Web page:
Thanks for the post!

Anonymous said...

Ned, I agree but I think it would be possible as well to overdo it. For instance, in my neck of the Bostonian woods I would run into a guy on the subway dressed in full 1940s outfit - and I don't mean some kind of retro-swing hip cat neo-whatever; I mean to me it looked like the real thing. But he still looked overstuffed.

On the other hand, also while on public transport, I did once see a guy in a straw boater and - man - it did look sharp.

If I could get a good hat blocked, and a nice simple suit maybe I'd go for it.

Neddie said...

Too hot? TOO HOT?!?!?

Il faut soufrir pour etre beau, mes confreres.

They make suits of breathable cotton and cool natural fibers. Seersucker. Linen. I'd even let you go tieless on the hottest days.

And a brimmed hat keeps the sun off the delicate metrosexual features far better than a miserable baseball cap, which, even when worn correctly like a ballplayer, only protects the face and leaves the neck and ears open to the ravages of Father Sun.

I recoil, Res, at the sound of that "aggressively casual." I fear cargo shorts, flip-flops, sleeveless t-shirts in colors not found between tan and black, and logos, logos, logos.... Never thought the day would come when I agreed with anything that came out of the current White House, but flp-flops are NOT appropriate attire except at the beach, and then only if worn with a modest brown or black three-piece suit.

By the way: You're talking to someone who, in the Year of Our Claude 1989, INVENTED business casual dress by simply not wearing a tie to work one day and noticing that the Republic continued to stand.

XTCfan said...

I gotcher broad-brimmed hat right here, Neddie.

Now that's good dressin'!

Anonymous said...

One effect of the Civil Rights Movement was that people stopped dressing up for demonstrations.

The idea had been that passers-by and the media would judge your cause by, among other things, your own appearence and you therefore wanted to represent it well by sprucing up. I think the CR movement wanted to point up (a) that it represented a lot of people who were really on their uppers, and (b) that they represented a lot of people period, and therefore didn't want to discourage anyone from coming along who might think he wasn't dressed right.

Anyway, if you look at protests from the last 40 years, they are generally huge but dressed like slobs. If you look at photos of protests before that time, participants tend to be sparse (relatively) but sharp-looking.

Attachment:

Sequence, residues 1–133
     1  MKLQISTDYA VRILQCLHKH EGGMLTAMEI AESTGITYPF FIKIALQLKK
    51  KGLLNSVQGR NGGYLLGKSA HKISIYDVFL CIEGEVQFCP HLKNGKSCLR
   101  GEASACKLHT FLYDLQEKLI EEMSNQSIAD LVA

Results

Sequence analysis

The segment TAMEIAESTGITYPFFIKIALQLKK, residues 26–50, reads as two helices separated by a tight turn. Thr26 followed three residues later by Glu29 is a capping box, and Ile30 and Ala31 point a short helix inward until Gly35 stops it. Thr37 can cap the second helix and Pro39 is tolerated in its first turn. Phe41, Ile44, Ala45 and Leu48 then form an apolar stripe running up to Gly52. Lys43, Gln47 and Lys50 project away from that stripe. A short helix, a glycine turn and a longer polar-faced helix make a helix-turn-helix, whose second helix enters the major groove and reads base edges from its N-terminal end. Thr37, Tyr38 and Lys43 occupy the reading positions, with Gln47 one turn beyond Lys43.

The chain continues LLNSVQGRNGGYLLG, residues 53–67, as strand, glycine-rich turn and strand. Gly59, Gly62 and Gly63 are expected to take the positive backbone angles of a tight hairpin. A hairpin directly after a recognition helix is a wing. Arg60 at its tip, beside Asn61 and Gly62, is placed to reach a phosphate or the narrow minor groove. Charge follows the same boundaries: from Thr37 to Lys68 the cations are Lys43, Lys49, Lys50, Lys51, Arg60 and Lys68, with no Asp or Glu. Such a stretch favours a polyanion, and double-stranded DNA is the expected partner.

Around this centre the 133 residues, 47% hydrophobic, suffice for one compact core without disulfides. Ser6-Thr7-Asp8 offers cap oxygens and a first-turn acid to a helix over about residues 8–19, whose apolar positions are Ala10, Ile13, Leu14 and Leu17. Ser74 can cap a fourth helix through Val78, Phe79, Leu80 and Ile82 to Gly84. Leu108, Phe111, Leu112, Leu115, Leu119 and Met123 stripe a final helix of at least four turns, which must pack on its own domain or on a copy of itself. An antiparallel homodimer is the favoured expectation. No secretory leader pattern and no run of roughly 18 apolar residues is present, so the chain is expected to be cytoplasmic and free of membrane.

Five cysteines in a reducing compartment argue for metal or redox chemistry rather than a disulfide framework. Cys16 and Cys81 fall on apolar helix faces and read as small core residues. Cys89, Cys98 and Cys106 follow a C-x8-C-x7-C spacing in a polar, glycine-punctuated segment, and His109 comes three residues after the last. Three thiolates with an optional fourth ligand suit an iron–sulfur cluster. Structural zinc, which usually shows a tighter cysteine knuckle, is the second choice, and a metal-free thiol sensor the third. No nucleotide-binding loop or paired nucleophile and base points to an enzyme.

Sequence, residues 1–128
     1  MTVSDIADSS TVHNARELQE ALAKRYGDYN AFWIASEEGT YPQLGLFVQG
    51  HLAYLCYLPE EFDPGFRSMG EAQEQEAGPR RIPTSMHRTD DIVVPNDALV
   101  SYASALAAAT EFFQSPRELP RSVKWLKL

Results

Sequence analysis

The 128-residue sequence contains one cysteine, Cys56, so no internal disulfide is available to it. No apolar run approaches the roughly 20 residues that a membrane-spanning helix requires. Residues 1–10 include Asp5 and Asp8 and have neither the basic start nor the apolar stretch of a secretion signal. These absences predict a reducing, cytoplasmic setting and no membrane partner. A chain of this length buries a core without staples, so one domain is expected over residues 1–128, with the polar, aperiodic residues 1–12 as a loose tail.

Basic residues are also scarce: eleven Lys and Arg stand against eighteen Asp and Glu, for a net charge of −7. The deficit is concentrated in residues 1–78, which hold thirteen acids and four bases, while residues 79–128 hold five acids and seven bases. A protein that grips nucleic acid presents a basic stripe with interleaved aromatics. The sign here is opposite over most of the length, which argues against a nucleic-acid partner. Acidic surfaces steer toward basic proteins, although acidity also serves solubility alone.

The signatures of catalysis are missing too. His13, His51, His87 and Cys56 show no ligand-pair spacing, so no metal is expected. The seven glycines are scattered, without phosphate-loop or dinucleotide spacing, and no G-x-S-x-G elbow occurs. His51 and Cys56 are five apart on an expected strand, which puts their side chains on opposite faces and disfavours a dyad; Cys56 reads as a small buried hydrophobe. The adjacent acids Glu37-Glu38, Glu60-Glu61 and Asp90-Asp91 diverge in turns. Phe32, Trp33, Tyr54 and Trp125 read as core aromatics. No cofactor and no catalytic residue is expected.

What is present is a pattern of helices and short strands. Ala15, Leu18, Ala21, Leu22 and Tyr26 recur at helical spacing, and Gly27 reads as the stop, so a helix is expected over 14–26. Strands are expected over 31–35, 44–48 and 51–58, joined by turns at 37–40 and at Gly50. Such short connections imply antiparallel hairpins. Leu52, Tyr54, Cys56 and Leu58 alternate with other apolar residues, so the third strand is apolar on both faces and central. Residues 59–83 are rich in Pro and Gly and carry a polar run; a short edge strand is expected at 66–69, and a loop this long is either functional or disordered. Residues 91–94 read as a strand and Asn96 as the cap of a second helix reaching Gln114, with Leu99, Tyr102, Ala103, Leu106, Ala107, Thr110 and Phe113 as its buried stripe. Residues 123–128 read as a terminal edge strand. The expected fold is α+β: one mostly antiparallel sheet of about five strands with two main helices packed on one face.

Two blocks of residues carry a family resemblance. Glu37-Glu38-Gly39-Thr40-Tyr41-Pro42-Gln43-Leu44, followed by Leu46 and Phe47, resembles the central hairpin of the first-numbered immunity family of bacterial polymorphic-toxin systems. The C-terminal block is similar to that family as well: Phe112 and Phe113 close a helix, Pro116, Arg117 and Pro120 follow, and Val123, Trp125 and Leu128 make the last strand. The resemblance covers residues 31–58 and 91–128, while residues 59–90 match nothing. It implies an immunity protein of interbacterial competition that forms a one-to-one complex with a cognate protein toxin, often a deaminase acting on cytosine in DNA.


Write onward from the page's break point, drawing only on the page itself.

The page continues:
--Molly, NYC

Neddie said...

>> The idea had been that passers-by and the media would judge your cause by, among other things, your own appearence and you therefore wanted to represent it well by sprucing up.<<

Yes, I think you've put your finger on it, Molly -- the idea that one should aspire *upward* in one's dress was lost in the Great Leveling of the last 40 years -- the idea that if one isn't on Easy Street at the moment, one should at least try to *look* the part. This was, no doubt the source of the shame that kept people dressing well: the desire not to look like -- and therefore be treated like -- a bum.

I sympathize with the egalitarian sentiment that led to the Leveling -- but Christ how degraded our dress is compared to our ancestors'!

XTCfan said...

I blame Jack Kennedy.

Uncle Rameau said...


Apropos of my previous comment, please visit

and tell me if you don't think a straw bowler is every bit as natty a hat as that on the young rake, John Scopes.

grishaxxx said...

Lance, back from vacation, sent me.

I love clothes, I love to dress, but I learned in a move from Chicago to Los Angeles that tectonic shifts can happen on your back as well as under your feet.
Went for an interview with a picture PR guy - I in Brooks Bros, he in Fred Segal. He was very kind, and very smart, and told me, gently, that, among other things, I needed to study how the people I hoped to work with dressed. Also that you put your education at the end of your CV - potential bosses might not like to be reminded that you went to a better school than they did.
I didn't get that job, but I got some referrals, and the more powerful the guy I talked to, the more casual his threads - I really tried, but I never quite matched. Such a dunce - I should have shown up naked.